A guide to buying lumber. A lumberyard is a hard place to go window-shopping. It pays to know what you want before you get there.
All lumber is sized and priced by its rough mill-sawn dimensions, but the finished product may be reduced in size by up to one-third after the surface-planing process is complete.
This guide to buying lumber helps the regular homesteader understand what wood is best to purchase. (See the hardwood and softwood diagram in the image gallery.)
Wood sawn from trees by section and sold by dimension is known as lumber. This wood is available as softwood (cut from needle-bearing conifers like pine, fir, hemlock, cedar, redwood) and hardwood (sawn from deciduous, or leaf-bearing, trees such as oak, maple, walnut and cherry). There are two methods of mill sawing. The most common is plain, or flat, sawing, in which cuts are made tangent to (they follow) the tree's growth rings, yielding a face-grain board. Quarter-sawing, a somewhat less economical method, entails making cuts perpendicular to the growth rings, and produces straight-grained wood with better warp resistance.
All lumber is sized and priced by its rough mill-sawn dimensions, but the finished product may be reduced in size by up to one-third after the surface-planing process is complete. Hence, a nominal 2 by 6 measures only l½ inches by 5½ inches in actual dimension.
A piece of lumber less than 2inches thick and from 2 inched to 16 inches wide in nominal dimension is a board. Boards less than 6 inches wide are called strips. Dimension lumber used for framing work is between 2 inches and 4½ inches thick and up to 16 inches wide. Timbers measure at least 5 inches on any surface. Normally, lumber is available in lengths between 6 feet and 20 feet in standard 2 foot multiples.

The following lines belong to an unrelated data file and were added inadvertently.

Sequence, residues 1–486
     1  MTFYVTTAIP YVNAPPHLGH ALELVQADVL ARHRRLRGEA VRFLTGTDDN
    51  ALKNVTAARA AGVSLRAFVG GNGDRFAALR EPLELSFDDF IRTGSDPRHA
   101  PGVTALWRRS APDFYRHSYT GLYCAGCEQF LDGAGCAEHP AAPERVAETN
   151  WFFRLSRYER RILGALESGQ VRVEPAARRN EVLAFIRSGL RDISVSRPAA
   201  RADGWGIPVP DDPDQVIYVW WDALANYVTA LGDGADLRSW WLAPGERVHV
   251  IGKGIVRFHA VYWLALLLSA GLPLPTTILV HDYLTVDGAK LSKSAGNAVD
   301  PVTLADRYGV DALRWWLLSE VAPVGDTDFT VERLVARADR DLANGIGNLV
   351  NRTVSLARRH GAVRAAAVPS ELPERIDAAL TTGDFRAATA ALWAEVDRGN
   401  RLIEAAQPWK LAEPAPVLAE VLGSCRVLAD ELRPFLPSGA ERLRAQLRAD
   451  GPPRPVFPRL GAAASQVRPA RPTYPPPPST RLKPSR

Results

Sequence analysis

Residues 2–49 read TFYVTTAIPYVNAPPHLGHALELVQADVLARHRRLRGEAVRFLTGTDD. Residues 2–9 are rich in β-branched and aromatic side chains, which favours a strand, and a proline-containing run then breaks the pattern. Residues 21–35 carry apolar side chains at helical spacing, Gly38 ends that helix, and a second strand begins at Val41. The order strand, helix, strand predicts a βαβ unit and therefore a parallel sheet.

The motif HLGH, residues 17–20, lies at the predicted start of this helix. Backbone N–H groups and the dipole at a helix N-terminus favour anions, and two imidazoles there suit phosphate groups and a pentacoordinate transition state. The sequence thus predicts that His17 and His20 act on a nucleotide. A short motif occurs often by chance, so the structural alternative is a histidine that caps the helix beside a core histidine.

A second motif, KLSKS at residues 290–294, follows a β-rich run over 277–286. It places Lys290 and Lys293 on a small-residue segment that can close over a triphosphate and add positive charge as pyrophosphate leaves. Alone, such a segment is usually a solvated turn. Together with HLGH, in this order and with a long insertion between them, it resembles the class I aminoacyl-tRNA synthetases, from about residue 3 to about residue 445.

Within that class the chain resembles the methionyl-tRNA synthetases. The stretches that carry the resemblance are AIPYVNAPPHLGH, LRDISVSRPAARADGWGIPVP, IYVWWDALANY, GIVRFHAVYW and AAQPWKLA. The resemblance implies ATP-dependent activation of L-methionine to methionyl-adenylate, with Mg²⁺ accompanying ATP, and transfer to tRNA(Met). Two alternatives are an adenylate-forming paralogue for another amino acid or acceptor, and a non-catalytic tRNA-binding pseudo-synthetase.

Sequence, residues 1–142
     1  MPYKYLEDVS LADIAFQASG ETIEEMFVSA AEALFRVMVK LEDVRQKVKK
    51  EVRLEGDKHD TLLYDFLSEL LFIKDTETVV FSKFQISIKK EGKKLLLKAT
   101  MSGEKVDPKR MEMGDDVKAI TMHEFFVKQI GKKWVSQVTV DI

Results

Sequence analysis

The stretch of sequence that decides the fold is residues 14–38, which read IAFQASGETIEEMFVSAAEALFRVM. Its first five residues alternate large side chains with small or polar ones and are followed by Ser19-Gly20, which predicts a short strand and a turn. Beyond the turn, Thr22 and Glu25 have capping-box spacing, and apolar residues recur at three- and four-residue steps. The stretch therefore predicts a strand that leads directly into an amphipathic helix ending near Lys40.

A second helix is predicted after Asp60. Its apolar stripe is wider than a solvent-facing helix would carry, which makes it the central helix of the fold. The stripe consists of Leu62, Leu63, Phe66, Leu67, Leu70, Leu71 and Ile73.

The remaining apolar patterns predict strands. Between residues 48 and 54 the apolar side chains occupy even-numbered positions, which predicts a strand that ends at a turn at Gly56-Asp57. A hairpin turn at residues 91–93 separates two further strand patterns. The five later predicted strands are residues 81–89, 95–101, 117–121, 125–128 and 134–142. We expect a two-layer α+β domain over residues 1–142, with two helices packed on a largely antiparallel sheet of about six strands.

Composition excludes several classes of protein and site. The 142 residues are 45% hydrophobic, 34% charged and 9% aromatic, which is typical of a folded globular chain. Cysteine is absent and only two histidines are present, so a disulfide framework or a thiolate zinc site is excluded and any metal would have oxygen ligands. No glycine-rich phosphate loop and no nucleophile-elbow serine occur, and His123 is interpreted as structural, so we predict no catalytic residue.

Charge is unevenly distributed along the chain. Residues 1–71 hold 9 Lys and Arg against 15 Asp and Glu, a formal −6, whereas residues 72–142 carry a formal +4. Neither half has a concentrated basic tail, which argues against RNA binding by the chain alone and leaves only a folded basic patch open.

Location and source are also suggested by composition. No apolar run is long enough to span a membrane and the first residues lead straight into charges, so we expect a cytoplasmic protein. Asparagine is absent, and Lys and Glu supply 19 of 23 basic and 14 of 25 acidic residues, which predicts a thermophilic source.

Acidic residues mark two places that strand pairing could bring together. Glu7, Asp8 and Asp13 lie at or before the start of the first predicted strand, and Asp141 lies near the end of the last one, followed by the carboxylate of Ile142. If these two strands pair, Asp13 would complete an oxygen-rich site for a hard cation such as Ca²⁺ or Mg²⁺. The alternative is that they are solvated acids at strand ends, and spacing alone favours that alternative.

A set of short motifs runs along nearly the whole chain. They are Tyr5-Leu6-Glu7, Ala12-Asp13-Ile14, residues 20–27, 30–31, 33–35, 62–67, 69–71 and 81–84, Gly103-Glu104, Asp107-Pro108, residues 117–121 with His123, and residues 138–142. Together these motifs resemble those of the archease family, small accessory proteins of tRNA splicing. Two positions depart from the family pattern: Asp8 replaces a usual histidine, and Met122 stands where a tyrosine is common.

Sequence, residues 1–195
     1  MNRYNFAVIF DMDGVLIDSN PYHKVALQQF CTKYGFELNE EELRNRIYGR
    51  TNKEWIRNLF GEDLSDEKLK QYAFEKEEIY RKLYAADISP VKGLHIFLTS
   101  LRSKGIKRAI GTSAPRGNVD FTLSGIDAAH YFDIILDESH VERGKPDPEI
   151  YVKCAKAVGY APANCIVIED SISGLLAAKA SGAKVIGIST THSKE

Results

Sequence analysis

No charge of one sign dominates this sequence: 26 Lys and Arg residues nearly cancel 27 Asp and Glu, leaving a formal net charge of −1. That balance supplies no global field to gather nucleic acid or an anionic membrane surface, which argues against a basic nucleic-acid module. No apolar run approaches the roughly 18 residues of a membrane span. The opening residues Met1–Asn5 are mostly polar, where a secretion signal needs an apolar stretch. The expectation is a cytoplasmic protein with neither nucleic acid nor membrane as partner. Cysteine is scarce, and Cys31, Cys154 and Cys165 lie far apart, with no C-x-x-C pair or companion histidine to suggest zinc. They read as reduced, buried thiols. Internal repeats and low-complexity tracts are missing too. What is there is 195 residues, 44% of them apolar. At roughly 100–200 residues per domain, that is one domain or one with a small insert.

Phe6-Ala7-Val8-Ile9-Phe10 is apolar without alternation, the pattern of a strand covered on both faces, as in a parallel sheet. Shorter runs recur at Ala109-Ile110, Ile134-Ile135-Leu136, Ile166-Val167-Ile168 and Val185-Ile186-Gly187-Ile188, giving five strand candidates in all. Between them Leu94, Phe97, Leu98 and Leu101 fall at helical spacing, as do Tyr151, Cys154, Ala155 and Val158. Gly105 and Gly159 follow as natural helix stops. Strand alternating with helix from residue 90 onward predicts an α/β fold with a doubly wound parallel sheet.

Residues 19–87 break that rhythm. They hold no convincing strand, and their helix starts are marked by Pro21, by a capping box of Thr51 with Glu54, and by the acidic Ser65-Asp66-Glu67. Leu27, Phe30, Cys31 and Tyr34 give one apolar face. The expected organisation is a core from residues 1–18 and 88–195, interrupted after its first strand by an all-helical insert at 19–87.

Lumber is sold by the board foot, each unit being equivalent to a rough board measuring 1 inch thick, 12 inches wide and 12 inches long—144 cubic inches of wood all told. Wood less than 1 inch thick is counted as a full inch, and stock over 1 inch is figured by the next larger ¼ inch. Thus, an 8 foot-long 1 by 6 contains four board feet ... as does a strip measuring 1-3/8 inches by 2 inches by 16 feet. To figure board feet, multiply thickness by width in inches, then multiply by length in feet and divide by 12. Often, retail dealers sell lumber by the lineal, or running, foot which is the standard practice for moldings and other factory-shaped wood. Discount houses even sell by the piece, to make shopping easier.